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The Last Owlbear

Destroyed Timing vs On-Board Effects

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What is the timing involving a(n) creature(s) becoming destroyed and then being put into their discard pile(s)? A question came up involving a board with the creature Tolas, who has the ability "Each time a creature is destroyed, its opponent gains 1 aember" when a "Destroy each creature" action was played. Does Tolas trigger for each creature that is being destroyed, then creatures are put into the discard pile(s)? Or does the active player determine the order in which creatures are considered destroyed and then immediately put into their discard pile (possibly causing Tolas to only trigger once for himself, if that's how the active player orders it)?

I also wanted to clarify that the active player determines the order in which creatures are placed into their discard piles?

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I believe the active player would choose what order the triggers occur in.

Page 7:

CARD ABILITIES When resolving a card ability, resolve as much of the ability as can be resolved, and ignore the rest. Unless otherwise specified by the ability, the active player makes all decisions while resolving an ability.

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Just now, WonderWAAAGH said:

I'm kind of confused about the design process for Keyforge. If the good Dr. Garfield can borrow cards wholesale from Magic *cough*Aggravated Assault* , then why not bring the stack along with it?

No interrupts

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The stack is just a simple order of operations, being able to interrupt the process really has nothing to do with it. The absence of a FIFO or LIFO system is just head-scratching at this point, given FFG's ongoing experiment with competitive card-gaming and the inclusion of Garfield's vast experience.  

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I suppose in this instance there's no need, because RAW the active player gets to choose. I feel like that's just a placeholder rule until they can expand on the timing sequence, because it's patently unfair to have no control over your own abilities during your opponent's turn. There's definitely still a need for better timing rules, since you can look around this very forum and see completely unresolvable issues. In many cases the text is just ambiguous.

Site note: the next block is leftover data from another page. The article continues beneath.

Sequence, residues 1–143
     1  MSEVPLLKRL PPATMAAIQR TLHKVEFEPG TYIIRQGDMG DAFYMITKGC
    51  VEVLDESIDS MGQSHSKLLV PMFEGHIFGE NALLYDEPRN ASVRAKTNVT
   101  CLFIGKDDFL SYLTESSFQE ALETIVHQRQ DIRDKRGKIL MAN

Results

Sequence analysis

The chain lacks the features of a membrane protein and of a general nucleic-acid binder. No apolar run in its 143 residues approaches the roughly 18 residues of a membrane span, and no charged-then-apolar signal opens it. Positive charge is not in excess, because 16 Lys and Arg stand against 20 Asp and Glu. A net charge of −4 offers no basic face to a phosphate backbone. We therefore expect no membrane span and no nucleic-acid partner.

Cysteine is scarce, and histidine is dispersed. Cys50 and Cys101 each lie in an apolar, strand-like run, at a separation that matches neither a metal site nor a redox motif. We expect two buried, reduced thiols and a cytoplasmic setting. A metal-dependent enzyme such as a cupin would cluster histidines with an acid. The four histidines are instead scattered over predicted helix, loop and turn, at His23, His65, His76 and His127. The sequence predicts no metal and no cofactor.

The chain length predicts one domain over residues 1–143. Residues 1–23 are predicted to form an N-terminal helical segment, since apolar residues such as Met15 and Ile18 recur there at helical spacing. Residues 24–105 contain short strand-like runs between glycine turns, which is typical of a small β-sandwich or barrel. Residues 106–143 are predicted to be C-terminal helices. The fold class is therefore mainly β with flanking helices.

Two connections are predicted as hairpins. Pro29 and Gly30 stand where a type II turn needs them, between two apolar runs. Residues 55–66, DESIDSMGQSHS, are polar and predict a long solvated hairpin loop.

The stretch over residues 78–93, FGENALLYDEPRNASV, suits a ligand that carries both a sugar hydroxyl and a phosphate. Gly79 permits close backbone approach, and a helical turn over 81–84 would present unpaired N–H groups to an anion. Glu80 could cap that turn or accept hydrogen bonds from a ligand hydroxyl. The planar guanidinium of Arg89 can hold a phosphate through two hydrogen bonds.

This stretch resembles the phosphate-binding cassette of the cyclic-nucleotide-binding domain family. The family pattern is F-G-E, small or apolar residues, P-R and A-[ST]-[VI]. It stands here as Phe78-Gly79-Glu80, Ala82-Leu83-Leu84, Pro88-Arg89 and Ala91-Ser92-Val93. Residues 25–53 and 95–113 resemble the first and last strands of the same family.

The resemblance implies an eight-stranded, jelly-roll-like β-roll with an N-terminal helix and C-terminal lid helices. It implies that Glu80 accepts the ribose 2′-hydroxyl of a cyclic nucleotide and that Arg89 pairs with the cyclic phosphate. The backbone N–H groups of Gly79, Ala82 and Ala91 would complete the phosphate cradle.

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3 minutes ago, Krashwire said:

Since the opposing player cannot interject in the stack there is no need for the stack. You look at all of the abilities/triggers currently occurring and as the active player you execute them in the order you wish.

Right, in most cases the way triggers interact are pretty self explanatory. My concern is whether effects are actually happening at the same time. For instance, if there are two triggers, one that says "When a creature becomes exhausted" and another which is "Reap:" or "When a creature reaps" are these happening at the same time? Or is it Step 1: Creature becomes exhausted then Step 2: the creature reaps?

It's the same issue with Destroyed and a creature going to the discard pile. When a "Destroy each creature" action is played, is the correct sequence Step 1: active player chooses a creature, Step 2: that creature is destroyed (trigger effects), Step 3: that creature is placed on top of their discard pile, Step 4: active player chooses another creature (repeat)? Or is the correct sequence Step 1: all creatures are considered destroyed (effects trigger, active player chooses order of resolution, but all creatures see all other creatures being destroyed) Step 2: active player chooses the order creatures are put into their discard piles?

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That's a fair question... and one that would be easily resolved by the stack. I'm somewhat beyond trying to force Magic logic onto FFG's misfit enterprises, but I sense that OP's question is more practically worded as such:

Can you choose Tolas to be destroyed first, thus negating its aember gaining effect, or does everything trigger simultaneously and aember is gained regardless of when something goes to the discard pile? 

I assume the latter, but the rules don't even account for triggers, let alone a system for managing them. 

Edited by WonderWAAAGH

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46 minutes ago, WonderWAAAGH said:

That's not how triggers traditionally work, though. Hence the confusion.

That’s how it works though, why would we assume each creature is destroyed one at a time when they’re all destroyed instead of just following the effect as written that they’re just all destroyed. The RAW is simply that we have two effects, one effect requires a creature to be destroyed to trigger the other destroys all creatures simultaneously and since the creature that would generate amber requires the latter but is destroyed with every other creature it’s effect would never trigger. Seems pretty straight forwards.